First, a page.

It’s easy to use a VPN. Just launch the app, click Connect, and all your internet traffic is encrypted within seconds, so snoopers can’t pry into your business.
As you browse the menus or website of your VPN, you’ll find more technical details. For instance, you’ll read about VPN protocols, which are crucial to maintaining your security.
There is a tendency for many providers to make this topic very technical and daunting. Then, it’s easy to close the browser window and move on. However, this does not have to be the case. It’s not mandatory to be an expert to understand the protocol basics, and a few key details can significantly improve your VPN experience. So, before going through the 6 most popular VPN protocols, let’s first understand what a VPN protocol is?
An introduction to VPN protocols:
A VPN protocol consists of a set of instructions that a VPN app and server use to establish a connection and securely communicate.
The protocol outlines how the app logs on to the server, how the server authenticates itself to the app, the methods used to transfer data in each direction, encryption methods, and every other aspect of your VPN connection.
The protocol you choose has a significant impact on your VPN. For example, connection times can be reduced from 20 seconds to less than one by switching protocols, and overall speeds can be increased by two to three times with one protocol over another.
The new protocols typically provide industrial-strength security, but there are a few older options that you should not use at all costs since they are so outdated. Knowing which protocols to use and which to ignore can save you a lot of time and trouble.
Here is a quick comparison of 6 common VPN protocols:
The six most common VPN protocols are IPSec/IKEv2, OpenVPN, L2TP/IPSec, Wireguard, SSTP, and PPTP.
As one of the first VPN protocols, PPTP has been in use since the early days of Windows. It is easy to set up on virtually any major operating system.
PPTP protects data between connections by creating a tunnel and confining data packets. Because of its low encryption standards, VPNs with PPTP have high speeds but low security. With advances in technology, PPTP’s encryption method has become increasingly vulnerable to foreign attacks, decreasing its security. As a result, most VPN providers have moved to protocols with higher levels of security.
Summary: Fast speed, compatibility with all operating systems, but low security.
As an alternative to PPTP, L2TP (Layer 2 Tunnel Protocol) offers higher security and more functionality. However, L2TP cannot provide encryption without a security protocol, IPSec (Internet Protocol Security).
L2TP establishes a secure connection, and data is encrypted using IPSec. With L2TP, you create a tunnel between two points, and IPSec ensures security. Even though L2TP/IPsec is more secure once implemented (it converts internet traffic into L2TP form and then adds an encryption layer), it offers a slower connectivity speed than PPTP.
Summary: Moderate connectivity speed, moderate security, and encryption, stable.
Among the most popular and secure VPN protocols on the market, OpenVPN is an open-source VPN protocol that gives users access to its underlying code. It is commonly used to establish point-to-point and site-to-site connections.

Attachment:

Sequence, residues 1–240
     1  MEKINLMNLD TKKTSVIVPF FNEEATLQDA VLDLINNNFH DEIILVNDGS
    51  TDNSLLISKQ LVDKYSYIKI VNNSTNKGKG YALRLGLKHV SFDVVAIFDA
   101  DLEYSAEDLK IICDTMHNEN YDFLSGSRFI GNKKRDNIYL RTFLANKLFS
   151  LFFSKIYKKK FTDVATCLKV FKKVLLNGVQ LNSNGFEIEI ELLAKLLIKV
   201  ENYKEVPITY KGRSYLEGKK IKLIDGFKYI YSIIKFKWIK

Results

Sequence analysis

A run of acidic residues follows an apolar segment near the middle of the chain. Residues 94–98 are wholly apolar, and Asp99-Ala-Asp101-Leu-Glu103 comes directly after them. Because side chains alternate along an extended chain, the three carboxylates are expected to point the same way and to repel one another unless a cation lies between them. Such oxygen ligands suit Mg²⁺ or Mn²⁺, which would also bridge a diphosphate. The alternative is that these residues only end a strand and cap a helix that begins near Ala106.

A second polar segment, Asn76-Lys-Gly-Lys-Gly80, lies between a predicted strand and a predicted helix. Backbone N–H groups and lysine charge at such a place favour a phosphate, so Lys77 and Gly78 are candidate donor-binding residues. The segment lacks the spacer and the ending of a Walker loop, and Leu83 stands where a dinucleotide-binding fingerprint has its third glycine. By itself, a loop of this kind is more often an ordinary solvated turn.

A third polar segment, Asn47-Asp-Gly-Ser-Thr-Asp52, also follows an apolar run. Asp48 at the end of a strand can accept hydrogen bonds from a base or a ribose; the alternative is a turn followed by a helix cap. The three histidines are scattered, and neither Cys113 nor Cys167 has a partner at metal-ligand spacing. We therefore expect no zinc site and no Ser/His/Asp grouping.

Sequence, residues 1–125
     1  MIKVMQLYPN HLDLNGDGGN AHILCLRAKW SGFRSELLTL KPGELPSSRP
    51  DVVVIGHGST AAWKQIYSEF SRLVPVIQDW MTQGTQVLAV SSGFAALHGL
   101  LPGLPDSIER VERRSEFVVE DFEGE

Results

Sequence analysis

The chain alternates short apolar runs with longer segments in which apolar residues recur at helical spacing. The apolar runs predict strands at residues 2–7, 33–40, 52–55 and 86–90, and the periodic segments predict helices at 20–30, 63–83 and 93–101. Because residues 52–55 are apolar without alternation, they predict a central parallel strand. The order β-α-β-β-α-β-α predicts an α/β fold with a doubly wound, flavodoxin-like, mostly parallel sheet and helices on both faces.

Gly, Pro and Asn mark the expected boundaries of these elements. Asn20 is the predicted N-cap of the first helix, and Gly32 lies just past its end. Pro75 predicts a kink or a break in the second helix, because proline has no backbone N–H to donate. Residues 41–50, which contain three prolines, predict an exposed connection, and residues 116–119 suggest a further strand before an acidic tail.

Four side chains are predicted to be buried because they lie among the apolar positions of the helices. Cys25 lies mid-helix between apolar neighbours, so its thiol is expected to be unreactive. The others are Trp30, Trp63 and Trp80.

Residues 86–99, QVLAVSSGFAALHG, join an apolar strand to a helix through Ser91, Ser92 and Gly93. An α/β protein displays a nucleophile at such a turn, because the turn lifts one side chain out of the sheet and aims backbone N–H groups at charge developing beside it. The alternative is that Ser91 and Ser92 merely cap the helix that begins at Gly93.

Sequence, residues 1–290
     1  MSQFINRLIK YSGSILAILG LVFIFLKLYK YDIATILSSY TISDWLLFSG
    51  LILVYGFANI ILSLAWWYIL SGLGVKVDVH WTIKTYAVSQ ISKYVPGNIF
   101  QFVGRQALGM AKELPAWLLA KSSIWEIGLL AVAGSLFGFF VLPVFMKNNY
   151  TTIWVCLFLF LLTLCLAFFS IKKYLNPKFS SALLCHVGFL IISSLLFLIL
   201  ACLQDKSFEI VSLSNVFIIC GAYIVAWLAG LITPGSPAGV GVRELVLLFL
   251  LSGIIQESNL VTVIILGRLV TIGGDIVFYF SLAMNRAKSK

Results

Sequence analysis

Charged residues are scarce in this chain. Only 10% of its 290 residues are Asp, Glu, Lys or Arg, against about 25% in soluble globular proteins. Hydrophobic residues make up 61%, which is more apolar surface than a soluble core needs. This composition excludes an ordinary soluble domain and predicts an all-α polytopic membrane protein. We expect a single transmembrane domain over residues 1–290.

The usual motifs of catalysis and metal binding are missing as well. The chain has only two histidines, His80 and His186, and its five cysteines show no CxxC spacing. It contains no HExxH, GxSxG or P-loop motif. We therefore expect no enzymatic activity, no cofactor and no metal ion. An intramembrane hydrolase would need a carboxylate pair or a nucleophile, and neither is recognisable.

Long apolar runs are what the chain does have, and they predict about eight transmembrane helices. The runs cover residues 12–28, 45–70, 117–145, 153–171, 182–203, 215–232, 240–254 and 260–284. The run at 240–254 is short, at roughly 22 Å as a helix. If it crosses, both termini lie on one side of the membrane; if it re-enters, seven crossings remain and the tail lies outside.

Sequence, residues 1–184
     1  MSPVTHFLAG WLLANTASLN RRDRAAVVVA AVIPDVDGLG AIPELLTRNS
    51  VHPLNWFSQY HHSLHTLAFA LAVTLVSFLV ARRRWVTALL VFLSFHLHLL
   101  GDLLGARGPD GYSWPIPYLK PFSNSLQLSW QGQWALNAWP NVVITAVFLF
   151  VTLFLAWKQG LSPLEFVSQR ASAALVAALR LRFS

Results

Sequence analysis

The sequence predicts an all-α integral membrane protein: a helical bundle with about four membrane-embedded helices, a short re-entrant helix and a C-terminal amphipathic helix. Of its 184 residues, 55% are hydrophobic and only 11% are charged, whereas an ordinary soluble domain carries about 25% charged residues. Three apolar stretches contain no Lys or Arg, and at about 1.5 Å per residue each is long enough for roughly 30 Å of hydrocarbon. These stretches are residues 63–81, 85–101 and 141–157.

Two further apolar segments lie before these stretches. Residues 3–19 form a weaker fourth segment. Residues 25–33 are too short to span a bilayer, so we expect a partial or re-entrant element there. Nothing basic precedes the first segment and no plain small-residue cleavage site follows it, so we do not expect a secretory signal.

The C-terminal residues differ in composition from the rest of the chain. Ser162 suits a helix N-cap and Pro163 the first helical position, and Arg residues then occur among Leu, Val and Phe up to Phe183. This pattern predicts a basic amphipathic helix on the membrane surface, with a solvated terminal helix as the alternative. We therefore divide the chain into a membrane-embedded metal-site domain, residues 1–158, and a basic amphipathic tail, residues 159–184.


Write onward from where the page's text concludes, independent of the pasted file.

Since OpenVPN isn’t built into computers or mobile devices, most people use it as a third-party VPN client, particularly for users who want to bypass online firewalls.
Summary: open-source, slower in speed, and the gold standard for encryption and reliability.
Microsoft’s Secure Socket Tunneling Protocol (SSTP) is a secure and capable VPN protocol. However, it has its upsides and downsides, so each user must decide if this protocol is worth using. Although SSTP is primarily a Microsoft product, it is also available for other operating systems.
Summary: Secure and reliable, primarily for Windows.
The Internet Key Exchange Volume 2 (IKEv2) establishes a secure VPN connection by authenticating and encrypting it through a secure key exchange session. Like L2TP, IKEv2 usually uses IPsec to encrypt and authenticate data. IKEv2 is typically used on mobile devices and excels at reestablishing connections after loss of connection and switching between different types of networks (from Hotspots to WiFi to cellular)
Summary: secure, fast, and stable.
Wireguard is an open-source VPN protocol using state-of-the-art cryptography better than OpenVPN and IPSec/IKEv2. Even though it’s still being worked on, it has already been deployed on several platforms.
The best feature of Wireguard is that it’s extremely fast. In addition, it has fewer lines of code than other VPN protocols, which means it is less prone to errors.
Summary: new, fast, In progress.
There is no ideal VPN protocol that is suitable for everyone. Instead, finding the most appropriate protocol depends on your needs and what you do online. To determine the right VPN protocol, carefully consider what you need most from your VPN connection.
For example, if you’re an avid gamer, you probably use a VPN for different reasons than someone who watches a lot of TV or works from cafes. We recommend you to use OysterVPN. It’s the best VPN service available with an affordable subscription fee. In addition, it’s an easy-to-use app that allows you to switch between different protocols in seconds.